Sunday, October 18, 2009

Thru the easy part

The Redskins managed to breeze thru the easy part of their schedule, the back-to-back-to-back games against all those winless teams, with a 2-4 record. The rest of their schedule is:

@ Atlanta
vs Denver
@ Dallas
@ Philadelphia
vs New Orleans
@ Oakland
vs NY Giants
vs Dallas
@ San Diego

Are there two wins for them on that schedule? Will they even win a game? If the Pheagles could stumble in Oakland, how are the Deadskins going to perform there? The other most-winnable-looking game is at home against: unbeaten Denver.

Jim Zorn will get fired, but the blame for this debacle lies squarely at the feet of owner Danny Snyder and his player personnel crony Vinny Cerrato. Dan Steinberg of the Washington Post just absolutely destroys Cerrato in an opinion piece:

Cerrato optimistic on line

Here's one thing I love about this piece. On the Post's main sports page online, the subtitle to the link was:

Vinny Cerrato spouts some nonsense to Larry Michael about the woeful offensive line he helped assemble.
On the front of their sports page, the Post offhandedly dismisses public statements from the guy in charge of the team's front office! It is, to put it mildly, unusual for reporters to be so bluntly critical of NFL team front-office types. The lack of respect Cerrato commands is stunning. Maybe more stunning to me than to some of you: I can't imagine the Baltimore Sun treating Ozzie Newsome that way. Steinberg's piece is beautiful:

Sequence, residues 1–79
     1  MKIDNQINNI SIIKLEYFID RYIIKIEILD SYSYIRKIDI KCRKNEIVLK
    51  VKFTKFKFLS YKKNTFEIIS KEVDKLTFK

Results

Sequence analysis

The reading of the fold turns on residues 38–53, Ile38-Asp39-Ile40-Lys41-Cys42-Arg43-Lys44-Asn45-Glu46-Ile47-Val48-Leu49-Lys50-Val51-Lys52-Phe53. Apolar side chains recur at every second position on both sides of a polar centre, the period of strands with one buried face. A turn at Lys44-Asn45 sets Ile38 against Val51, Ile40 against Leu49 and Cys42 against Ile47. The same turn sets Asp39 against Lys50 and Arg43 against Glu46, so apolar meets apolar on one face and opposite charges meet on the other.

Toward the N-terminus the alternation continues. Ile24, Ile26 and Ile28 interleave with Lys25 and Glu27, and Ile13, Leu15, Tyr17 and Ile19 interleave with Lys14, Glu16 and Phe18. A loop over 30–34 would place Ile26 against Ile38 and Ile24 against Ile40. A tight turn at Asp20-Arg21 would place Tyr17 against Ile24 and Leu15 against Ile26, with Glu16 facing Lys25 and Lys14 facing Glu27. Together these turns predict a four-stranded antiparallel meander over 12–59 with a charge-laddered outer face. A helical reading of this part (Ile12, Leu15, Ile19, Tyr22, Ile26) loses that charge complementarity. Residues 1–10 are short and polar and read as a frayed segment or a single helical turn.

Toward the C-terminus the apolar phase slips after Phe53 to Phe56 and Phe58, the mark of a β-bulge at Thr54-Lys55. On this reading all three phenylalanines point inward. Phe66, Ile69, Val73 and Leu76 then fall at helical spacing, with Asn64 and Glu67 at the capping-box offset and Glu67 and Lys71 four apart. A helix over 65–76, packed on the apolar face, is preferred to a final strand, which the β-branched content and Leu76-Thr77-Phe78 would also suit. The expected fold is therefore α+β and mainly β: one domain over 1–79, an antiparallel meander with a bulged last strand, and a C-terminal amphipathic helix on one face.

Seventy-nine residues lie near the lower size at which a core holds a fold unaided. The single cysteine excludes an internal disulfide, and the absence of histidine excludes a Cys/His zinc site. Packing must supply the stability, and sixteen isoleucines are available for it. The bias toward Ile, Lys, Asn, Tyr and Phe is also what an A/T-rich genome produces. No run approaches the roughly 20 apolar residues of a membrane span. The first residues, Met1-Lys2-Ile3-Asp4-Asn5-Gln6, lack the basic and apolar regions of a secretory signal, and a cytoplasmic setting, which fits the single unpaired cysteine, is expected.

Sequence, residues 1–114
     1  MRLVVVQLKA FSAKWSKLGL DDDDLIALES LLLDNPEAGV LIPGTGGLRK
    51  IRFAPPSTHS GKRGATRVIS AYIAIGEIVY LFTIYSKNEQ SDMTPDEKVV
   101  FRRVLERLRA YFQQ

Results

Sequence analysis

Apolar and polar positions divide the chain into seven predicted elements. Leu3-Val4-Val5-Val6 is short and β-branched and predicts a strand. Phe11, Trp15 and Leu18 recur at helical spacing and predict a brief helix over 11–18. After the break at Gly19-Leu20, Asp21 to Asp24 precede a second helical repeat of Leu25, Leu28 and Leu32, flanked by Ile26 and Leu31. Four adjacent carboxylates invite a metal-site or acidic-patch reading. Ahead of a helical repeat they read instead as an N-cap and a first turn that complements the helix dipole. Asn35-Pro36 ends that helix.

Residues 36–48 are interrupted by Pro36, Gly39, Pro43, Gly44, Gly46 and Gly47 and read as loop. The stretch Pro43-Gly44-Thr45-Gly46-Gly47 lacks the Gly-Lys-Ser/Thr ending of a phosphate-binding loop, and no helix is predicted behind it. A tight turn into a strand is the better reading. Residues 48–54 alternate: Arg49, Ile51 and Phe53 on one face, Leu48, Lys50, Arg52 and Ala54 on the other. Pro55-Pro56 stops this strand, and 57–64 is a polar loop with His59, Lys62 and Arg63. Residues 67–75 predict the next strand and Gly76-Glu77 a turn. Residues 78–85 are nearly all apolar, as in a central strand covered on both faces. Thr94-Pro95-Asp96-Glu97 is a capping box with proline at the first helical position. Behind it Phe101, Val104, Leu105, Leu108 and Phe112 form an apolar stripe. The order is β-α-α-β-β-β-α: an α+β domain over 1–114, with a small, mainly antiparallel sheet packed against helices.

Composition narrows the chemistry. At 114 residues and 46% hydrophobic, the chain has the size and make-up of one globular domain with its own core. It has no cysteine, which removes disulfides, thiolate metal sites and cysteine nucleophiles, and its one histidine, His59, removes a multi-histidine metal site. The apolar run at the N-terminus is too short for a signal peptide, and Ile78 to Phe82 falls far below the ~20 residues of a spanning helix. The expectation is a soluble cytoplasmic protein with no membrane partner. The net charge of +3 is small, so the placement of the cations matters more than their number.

I happened to be listening to ESPN 980's pre-game show on my way to FedEx Field Sunday morning, and Vinny Cerrato came on for a pre-game interview with Larry Michael. ... Michael was unusually pointed when questioning Cerrato about his handiwork [the offensive line].
[Steinberg quotes the question and Cerrato's doddering answer]
This made no sense to me at 11:30 in the morning, and it makes no sense to me now, but there's really nothing left to say any more. Rarely are the media jackals this completely right. I've never played a down of real football in my life, and yet in August, I–like everyone else–was saying that this offensive line was one or two injuries away from disaster.
Against the 32nd ranked NFL defense–a team that had been allowing 27.6 points and 402.8 yards a game–we saw what disaster looked like. It looked like a cold, wet, smashed hot dog bun that's been run over by a Hummer, stomped on by a marching band, doused with lighter fluid and then smeared onto the side of a porta-potty.

Earlier in Sunday's Post, before the game, a longer article appeared, by Rick Maese and Jason Reid, that was perhaps less colorful, but no less critical: